Limited penetration of cobalt and chromium ions into the cerebrospinal fluid following metal on metal arthroplasty: a cross-sectional analysis
Background: The purpose of this study was to determine the concentration of cobalt (Co) and chromium (Cr) ions in synovial fluid, blood plasma and cerebrospinal fluid (CSF) of patients with metal-on-metal (MoM) implants, and to assess the relationship between implant history and patient characteristics with ion concentrations in CSF.
Methods: An observational, non-randomised cross-sectional study was conducted with patients presenting to a single surgeon for treatment of degenerative conditions of the hip and knee. Blood and fluid samples were collected intraoperatively and analysed for proteins and trace elements.
Results: Overall, the presence of an implant was associated with significantly higher Co and Cr concentrations in plasma (controls 5–115 nmol/L Co, 5–232 nmol/L Cr; well-functioning implant recipients 5–469 nmol/L Co, 5–608 nmol/L Cr; hip revisions 6–546 nmol/L Co, 5–573 nmol/L Cr), and for Cr concentrations in CSF (controls 5–24 nmol/L; well-functioning implant recipients 6–36 nmol/L, hip revisions 7–32 nmol/L). In absolute terms, <1% of the levels observed in the joint fluid and <15% of plasma metals appeared in the CSF. Multivariable regression models suggested different transfer mechanisms of Co and Cr to the CSF, with the presence of an implant not associated with ion levels.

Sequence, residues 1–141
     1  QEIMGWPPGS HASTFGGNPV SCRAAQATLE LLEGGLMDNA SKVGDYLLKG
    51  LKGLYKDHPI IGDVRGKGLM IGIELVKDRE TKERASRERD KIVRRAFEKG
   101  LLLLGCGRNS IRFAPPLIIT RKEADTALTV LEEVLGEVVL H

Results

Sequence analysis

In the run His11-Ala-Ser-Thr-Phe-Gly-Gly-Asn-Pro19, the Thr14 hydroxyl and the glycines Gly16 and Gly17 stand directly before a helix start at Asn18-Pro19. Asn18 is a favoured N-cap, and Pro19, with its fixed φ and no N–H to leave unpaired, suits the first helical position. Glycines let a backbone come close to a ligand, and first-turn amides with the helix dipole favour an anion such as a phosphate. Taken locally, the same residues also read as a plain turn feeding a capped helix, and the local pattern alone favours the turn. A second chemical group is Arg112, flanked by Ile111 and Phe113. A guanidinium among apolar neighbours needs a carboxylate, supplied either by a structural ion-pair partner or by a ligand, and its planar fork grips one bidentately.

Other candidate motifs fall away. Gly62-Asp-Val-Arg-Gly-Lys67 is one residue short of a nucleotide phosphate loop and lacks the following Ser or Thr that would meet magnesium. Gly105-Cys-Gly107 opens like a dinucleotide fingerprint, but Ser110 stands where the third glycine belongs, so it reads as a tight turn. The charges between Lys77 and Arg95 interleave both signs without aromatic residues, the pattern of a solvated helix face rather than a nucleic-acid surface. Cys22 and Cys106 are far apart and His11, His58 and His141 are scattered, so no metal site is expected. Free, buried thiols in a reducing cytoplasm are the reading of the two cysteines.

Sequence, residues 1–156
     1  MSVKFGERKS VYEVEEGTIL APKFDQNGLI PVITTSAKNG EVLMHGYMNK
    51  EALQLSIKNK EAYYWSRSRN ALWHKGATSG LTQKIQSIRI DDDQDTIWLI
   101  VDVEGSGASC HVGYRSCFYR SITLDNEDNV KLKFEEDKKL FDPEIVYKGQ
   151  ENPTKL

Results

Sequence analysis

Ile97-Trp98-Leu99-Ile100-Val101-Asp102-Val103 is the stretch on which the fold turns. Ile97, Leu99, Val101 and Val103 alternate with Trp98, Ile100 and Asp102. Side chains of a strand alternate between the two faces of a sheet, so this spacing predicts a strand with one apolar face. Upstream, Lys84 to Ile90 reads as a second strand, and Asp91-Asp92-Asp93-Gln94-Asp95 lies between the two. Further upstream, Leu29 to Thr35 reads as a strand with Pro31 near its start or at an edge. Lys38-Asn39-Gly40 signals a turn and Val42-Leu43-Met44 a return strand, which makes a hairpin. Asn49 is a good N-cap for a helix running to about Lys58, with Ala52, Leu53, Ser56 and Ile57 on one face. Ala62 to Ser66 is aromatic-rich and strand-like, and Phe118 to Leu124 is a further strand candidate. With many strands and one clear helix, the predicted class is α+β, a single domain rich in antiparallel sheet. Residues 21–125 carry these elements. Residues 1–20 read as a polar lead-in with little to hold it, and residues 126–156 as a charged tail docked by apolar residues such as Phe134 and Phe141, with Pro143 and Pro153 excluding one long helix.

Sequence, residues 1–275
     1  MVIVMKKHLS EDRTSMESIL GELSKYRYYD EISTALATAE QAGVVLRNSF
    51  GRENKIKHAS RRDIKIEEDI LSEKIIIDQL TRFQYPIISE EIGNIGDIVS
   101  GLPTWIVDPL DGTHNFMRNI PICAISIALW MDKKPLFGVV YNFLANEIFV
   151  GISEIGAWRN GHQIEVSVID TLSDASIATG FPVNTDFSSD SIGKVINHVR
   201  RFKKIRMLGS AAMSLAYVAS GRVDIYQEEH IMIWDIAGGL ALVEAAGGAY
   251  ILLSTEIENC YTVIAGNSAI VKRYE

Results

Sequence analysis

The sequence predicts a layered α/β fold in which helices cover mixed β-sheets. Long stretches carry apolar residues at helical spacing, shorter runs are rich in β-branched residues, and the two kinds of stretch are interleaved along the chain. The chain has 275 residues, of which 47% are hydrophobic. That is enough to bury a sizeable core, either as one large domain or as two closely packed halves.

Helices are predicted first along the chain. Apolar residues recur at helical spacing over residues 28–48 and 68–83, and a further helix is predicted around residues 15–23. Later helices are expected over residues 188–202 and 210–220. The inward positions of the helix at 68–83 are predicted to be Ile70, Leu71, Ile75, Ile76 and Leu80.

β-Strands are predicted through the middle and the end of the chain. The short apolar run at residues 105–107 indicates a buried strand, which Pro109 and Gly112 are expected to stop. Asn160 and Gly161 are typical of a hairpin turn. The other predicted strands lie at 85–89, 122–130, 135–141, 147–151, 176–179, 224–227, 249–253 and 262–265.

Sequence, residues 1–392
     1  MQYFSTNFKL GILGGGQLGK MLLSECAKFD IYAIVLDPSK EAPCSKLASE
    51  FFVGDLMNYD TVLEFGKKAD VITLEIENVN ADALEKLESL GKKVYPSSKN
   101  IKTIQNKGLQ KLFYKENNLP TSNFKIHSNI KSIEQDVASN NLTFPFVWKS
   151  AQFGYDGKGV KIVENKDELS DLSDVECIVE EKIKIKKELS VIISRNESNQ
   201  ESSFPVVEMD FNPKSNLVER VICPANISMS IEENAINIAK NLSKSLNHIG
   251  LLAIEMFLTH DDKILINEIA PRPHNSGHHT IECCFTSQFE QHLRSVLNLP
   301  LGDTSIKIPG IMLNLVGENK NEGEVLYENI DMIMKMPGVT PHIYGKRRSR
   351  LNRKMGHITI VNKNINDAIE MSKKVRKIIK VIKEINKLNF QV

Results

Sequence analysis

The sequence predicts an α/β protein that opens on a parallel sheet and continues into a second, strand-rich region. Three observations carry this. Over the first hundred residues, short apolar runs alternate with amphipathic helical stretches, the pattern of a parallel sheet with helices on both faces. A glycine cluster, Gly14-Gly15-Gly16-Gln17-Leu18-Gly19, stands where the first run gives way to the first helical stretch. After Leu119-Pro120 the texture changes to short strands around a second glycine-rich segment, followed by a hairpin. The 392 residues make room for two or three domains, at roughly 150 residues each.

Conclusion: The presence of MoM implants is associated with significantly higher plasma levels of Co and Cr but not CSF levels, and the CSF/plasma ratio appears to be influenced by the plasma concentration in a nonlinear fashion. Co and Cr may be transferred to the CSF by different mechanisms, and their concentrations appears dependent on other factors yet to be identified. Although higher levels of plasma ions are associated with above average CSF metal concentrations, the thresholds for neurotoxicity remain unclear and require further study.